Summer school could expand

Plan calls for more students but fewer classroom hours


Thousands more Baltimore students would have access to summer school this year under a proposal before the city school board, but the students would spend fewer hours in the classroom than those who went to summer school last year.

The school system would be able to accommodate 27,388 elementary and middle school pupils in summer programs this year, plus the high school students who pay to make up courses they failed, according to a proposal the school board is considering. Last year, about 13,000 city students attended summer programs.

But last year, younger pupils attended full-day summer programs. This year's programs would run for four hours a day, most for four weeks.

Given the system's limited budget, "they're the right painful priorities," said school board member Kalman R. "Buzzy" Hettleman, who last year had harsh words for the system for serving so few children in the summer. Research has long indicated that achievement gaps between affluent and poor children grow during the summer while affluent children have exposure to camps, trips and other activities and poor children do not.

"I think the best course is to serve more children with a half-day academic program than fewer children with a full-day program, even though a full-day program is a good thing," Hettleman said.

The proposal calls for spending at least $8.2 million on summer programs this year, down from $8.9 million last year but much more than the $500,000 spent two years ago at the height of a financial crisis in the system.

This year, all children entering kindergarten through second grade would have access to a summer program. That's consistent with research showing gains in academic achievement when young children have access to summer programs over multiple years, said Ron Fairchild, executive director of the Center for Summer Learning at the Johns Hopkins University. He called the proposal "a dramatic step forward" for the school system.

In addition, there would be programs for all students entering sixth and ninth grades. And Title 1 schools, those that serve a high percentage of children from low-income families would also offer programs to children entering third, fourth, fifth, seventh and eighth grades.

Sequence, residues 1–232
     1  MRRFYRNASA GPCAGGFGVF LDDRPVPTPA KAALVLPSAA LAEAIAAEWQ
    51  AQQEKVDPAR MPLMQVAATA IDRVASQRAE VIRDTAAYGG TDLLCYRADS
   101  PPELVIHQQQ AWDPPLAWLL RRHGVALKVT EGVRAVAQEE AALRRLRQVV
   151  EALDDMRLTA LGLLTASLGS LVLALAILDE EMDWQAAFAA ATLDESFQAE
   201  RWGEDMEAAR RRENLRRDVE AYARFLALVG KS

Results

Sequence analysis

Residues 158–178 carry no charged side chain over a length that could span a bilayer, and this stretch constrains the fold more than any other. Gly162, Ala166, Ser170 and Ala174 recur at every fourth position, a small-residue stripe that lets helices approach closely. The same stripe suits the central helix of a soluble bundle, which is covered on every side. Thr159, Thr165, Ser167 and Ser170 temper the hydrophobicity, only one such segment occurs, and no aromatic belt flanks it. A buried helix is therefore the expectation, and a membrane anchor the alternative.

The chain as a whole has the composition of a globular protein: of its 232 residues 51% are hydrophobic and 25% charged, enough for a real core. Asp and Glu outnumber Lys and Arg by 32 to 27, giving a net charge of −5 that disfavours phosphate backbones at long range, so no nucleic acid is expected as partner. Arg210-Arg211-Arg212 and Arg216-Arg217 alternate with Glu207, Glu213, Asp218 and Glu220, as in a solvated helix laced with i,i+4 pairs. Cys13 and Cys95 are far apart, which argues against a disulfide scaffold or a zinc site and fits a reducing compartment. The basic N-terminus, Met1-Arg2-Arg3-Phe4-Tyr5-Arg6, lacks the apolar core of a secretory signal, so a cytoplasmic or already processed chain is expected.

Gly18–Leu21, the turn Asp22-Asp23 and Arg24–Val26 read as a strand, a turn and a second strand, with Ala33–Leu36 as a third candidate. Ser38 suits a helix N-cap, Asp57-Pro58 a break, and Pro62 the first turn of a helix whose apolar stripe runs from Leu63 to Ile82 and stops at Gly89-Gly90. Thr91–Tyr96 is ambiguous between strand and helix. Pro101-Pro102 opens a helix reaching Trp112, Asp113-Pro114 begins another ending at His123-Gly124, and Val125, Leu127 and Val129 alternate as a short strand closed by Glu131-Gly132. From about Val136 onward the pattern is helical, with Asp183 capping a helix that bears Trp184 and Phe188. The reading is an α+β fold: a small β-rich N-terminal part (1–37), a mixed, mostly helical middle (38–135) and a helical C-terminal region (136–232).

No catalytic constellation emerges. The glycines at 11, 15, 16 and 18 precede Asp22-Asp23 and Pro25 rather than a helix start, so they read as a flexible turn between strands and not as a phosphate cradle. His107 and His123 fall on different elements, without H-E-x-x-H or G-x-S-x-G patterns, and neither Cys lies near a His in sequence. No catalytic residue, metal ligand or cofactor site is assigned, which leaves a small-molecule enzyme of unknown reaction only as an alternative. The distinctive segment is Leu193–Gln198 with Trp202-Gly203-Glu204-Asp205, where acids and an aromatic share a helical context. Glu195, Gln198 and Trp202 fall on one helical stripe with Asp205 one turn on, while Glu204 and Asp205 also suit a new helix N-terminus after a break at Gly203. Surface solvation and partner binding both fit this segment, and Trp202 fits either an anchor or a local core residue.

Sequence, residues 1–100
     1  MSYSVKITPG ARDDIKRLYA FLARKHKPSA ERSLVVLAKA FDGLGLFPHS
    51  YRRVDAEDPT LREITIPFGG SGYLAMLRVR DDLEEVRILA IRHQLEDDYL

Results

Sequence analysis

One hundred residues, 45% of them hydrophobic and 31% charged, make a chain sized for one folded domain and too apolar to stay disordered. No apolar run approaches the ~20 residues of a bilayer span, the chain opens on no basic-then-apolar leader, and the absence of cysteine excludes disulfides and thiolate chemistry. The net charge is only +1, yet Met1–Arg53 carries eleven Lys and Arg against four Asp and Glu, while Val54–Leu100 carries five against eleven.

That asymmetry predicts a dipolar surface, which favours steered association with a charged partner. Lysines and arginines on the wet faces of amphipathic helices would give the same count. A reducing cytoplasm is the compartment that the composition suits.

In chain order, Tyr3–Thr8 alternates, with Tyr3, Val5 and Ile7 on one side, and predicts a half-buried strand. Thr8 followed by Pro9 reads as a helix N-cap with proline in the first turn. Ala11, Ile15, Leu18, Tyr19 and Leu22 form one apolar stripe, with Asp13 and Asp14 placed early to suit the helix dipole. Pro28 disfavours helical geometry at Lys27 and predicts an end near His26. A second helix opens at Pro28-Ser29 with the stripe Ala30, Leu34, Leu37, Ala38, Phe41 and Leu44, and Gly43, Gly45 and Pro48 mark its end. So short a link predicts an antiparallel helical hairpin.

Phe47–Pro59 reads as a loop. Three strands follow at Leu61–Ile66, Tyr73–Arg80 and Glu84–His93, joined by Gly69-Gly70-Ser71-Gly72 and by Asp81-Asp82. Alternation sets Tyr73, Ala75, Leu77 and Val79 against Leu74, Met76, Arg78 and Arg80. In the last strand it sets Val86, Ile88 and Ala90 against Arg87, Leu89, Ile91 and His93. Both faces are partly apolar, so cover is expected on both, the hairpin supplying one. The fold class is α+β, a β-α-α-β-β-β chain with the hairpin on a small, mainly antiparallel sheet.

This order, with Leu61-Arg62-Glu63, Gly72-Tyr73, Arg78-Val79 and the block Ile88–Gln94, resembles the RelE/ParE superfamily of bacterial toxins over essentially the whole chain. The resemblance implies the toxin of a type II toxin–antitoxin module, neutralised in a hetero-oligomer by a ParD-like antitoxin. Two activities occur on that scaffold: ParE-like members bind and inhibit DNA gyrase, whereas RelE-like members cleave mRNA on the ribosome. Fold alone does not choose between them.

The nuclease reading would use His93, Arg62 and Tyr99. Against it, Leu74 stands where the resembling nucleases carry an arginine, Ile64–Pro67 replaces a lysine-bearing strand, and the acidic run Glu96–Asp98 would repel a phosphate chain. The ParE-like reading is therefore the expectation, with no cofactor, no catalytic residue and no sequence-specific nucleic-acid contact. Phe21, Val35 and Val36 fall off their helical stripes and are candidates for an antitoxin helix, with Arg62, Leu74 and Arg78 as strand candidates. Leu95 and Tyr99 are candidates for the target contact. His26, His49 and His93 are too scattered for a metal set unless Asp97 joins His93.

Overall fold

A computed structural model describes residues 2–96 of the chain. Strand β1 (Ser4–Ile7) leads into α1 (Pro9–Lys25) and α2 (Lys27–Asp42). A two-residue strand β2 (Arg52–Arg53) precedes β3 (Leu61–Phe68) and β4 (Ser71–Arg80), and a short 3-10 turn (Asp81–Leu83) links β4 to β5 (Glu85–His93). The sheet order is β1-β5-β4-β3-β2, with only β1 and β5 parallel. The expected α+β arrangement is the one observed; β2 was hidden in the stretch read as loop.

The school system calculated its budget for the programs assuming about half of eligible children would attend.

City school system officials are reluctant to talk about the proposal and say they don't want to raise parents' hopes falsely, in case they are unable to find sufficient funding in the budget for the 2006-2007 school year. Funding for the proposal will be included in the system's operating budget, which is subject to a school board vote next month.

Under the proposal they submitted to the school board, the programs for children entering kindergarten and sixth and ninth grades would only run for two weeks. At a board meeting last month, Hettleman said that's far too short.

"I don't think you can get into academics at all in just a two-week program, particularly for kids entering kindergarten," he said at the meeting. As a result of Hettleman's concerns, the school system is now trying to find the money to expand the kindergarten and sixth-grade programs to four weeks.

Board member Diane Bell McKoy cautioned at the meeting that summer programming will be competing for funding with many other worthy initiatives. "We've got a whole bunch of needs," she said, "and I'm not sure what we can do."

In future years, Hettleman said, he wants to see the school system requiring low-performing students to attend summer school to advance to the next grade.

Meanwhile, the system is working with the Center for Summer Learning to develop a long-term plan for summer programming, an attempt to ensure that funding is automatically set aside every year. Officials say they want that plan to include summer programs to prepare high school students for the state exams they will soon need to pass to graduate.

By creating a long-term summer plan, Fairchild said, the school system will better be able to attract private funders to supplement public dollars. That will help the system to realize its goal of offering a summer program to all 85,000 city students by 2010.

This year, the Center for Summer Learning plans to place 75 college students as interns in summer school classrooms to give pupils extra attention and to recruit prospective teachers.

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